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ORIGINAL ARTICLE
Year : 2010  |  Volume : 47  |  Issue : 4  |  Page : 424-429
 

A retrospective study of 18 cases of adenoid cystic cancer at a tertiary care centre in Delhi


1 Department of Radiotherapy & Oncology, Maulana Azad Medical College and Lok Nayak Hospital, Bahadur Shah Zafar Marg, New Delhi - 110 002, India
2 Department of Pathology, Maulana Azad Medical College and Lok Nayak Hospital, Bahadur Shah Zafar Marg, New Delhi - 110 002, India

Date of Web Publication4-Dec-2010

Correspondence Address:
K Sharma
Department of Radiotherapy & Oncology, Maulana Azad Medical College and Lok Nayak Hospital, Bahadur Shah Zafar Marg, New Delhi - 110 002
India
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Source of Support: None, Conflict of Interest: None


DOI: 10.4103/0019-509X.73571

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 » Abstract 

Context: Adenoid cystic carcinoma (ACC) is a rare neoplasm that usually arises from the salivary, lacrimal, or other exocrine glands. It is characteristically locally infiltrative in nature and has a tendency toward local recurrence, high propensity for perineural invasion, and prolonged clinical course. Aim: To analyze the presentation and natural history of cases of adenoid cystic tumors of salivary glands in our institution; and to compare with the existing literature. Design and Setting: Retrospective study at the Department of Radiotherapy. Materials and Methods: Data on 18 patients of ACC of the salivary glands treated between 2004 and 2008 were reviewed with respect to clinical presentation, stage, and histology. Results: There were 8 cases of major salivary gland tumors (47%), of which 2 were in the submandibular and 6 were involving the parotid. Ten patients (53%) had minor salivary gland involvement. Two patients had metastasis at the time of presentation. All patients underwent surgery. Radiotherapy was delivered to 16 patients and chemotherapy to 6 patients (concurrent, n = 3 and adjuvant, n = 3) and no adjuvant therapy was given to 2 patients. All patients were alive at a median follow-up of 3 years. No patient developed local or distant failure during the study duration. Conclusion: ACC has locally aggressive behavior. Radiotherapy adjuvant to surgery improves local control in locally advanced disease. Longer follow-up is mandatory in view of incidence of late metastasis.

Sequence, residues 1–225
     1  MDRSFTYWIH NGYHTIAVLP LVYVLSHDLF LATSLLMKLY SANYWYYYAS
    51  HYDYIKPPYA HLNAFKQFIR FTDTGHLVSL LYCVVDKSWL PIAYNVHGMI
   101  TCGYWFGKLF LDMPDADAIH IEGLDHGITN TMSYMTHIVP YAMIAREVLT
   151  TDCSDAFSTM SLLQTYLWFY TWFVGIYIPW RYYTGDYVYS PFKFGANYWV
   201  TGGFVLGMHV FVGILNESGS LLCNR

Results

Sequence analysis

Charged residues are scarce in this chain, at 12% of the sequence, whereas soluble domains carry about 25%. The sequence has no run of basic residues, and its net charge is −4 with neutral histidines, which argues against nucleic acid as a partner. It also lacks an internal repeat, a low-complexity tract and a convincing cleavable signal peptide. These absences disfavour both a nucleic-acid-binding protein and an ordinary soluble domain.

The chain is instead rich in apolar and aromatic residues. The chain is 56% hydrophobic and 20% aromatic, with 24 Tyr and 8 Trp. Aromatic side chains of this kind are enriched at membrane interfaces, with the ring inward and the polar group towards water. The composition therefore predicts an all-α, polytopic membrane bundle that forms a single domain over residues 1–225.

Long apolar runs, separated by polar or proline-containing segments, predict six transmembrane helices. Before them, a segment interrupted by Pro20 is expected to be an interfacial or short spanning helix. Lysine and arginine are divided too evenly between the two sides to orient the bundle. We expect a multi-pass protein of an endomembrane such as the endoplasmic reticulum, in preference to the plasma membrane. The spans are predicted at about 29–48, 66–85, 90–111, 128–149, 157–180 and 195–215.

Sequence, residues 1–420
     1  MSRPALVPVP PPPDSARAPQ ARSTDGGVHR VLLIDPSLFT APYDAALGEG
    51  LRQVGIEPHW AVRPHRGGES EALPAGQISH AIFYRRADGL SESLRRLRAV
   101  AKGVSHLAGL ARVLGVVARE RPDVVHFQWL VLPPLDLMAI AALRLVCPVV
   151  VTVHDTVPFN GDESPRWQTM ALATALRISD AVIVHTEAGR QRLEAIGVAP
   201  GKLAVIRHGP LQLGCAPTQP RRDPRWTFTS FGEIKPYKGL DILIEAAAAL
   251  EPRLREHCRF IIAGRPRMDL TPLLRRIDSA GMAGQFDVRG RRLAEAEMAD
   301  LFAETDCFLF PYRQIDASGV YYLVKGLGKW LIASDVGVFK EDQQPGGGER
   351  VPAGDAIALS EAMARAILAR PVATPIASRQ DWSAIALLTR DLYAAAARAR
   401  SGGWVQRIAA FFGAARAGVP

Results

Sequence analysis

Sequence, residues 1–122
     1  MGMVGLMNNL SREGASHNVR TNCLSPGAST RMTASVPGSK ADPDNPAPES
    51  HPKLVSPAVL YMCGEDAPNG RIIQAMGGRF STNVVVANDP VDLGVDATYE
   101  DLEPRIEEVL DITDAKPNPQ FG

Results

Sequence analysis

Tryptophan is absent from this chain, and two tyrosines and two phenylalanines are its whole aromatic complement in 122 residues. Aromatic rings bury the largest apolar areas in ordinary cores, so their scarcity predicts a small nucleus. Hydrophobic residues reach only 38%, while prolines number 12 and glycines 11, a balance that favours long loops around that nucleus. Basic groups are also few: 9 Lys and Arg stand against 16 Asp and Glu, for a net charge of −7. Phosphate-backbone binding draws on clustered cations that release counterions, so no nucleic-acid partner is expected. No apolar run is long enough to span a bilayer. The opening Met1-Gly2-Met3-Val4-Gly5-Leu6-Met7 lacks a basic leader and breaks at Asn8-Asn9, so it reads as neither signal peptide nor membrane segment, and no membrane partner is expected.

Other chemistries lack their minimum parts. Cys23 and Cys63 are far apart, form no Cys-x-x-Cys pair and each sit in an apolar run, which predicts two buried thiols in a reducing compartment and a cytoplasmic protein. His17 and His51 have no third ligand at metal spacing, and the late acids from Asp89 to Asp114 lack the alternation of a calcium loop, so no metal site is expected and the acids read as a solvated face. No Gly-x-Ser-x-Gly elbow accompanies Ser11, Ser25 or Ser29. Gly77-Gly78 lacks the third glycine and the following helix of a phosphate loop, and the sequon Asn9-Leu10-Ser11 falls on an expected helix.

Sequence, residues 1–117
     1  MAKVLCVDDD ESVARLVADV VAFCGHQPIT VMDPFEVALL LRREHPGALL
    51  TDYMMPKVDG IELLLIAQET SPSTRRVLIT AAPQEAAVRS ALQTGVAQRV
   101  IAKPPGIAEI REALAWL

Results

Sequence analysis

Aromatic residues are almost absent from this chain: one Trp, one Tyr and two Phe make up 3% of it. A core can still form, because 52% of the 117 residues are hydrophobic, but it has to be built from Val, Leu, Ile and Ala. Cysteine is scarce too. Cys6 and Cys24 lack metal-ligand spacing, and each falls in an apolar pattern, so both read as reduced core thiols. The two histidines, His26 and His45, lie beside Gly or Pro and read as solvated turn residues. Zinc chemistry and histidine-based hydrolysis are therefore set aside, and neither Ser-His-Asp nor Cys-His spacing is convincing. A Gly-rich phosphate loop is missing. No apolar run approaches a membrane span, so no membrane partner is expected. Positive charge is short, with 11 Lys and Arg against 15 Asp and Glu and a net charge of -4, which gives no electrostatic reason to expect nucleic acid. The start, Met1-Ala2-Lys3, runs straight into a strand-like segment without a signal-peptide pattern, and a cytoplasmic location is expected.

Keywords: Adenoid cystic carcinoma, natural history, salivary gland neoplasms


How to cite this article:
Sharma K, Rathi A K, Khurana N, Mukherji A, Kumar V, Singh K, Bahadur A K. A retrospective study of 18 cases of adenoid cystic cancer at a tertiary care centre in Delhi. Indian J Cancer 2010;47:424-9

How to cite this URL:
Sharma K, Rathi A K, Khurana N, Mukherji A, Kumar V, Singh K, Bahadur A K. A retrospective study of 18 cases of adenoid cystic cancer at a tertiary care centre in Delhi. Indian J Cancer [serial online] 2010 [cited 2017 Feb 26];47:424-9. Available from: http://www.indianjcancer.com/text.asp?2010/47/4/424/73571



 » Introduction Top


Adenoid cystic carcinoma (ACC), also known as "cylindroma" was first described by Theodar Billroth in 1859. ACC is commonly classified with the salivary gland tumors, although it may arise in any site where mucous glands exist. These tumors account for <1% of head and neck neoplasms and 10% of salivary gland tumors. [1] Half of these tumors occur in glandular areas other than the major salivary glands, mainly in the hard palate, but they may also arise in the tongue and other minor salivary gland locations. [1],[2],[3],[4],[5],[6],[7],[8] ACC is the most common malignancy of the submandibular gland.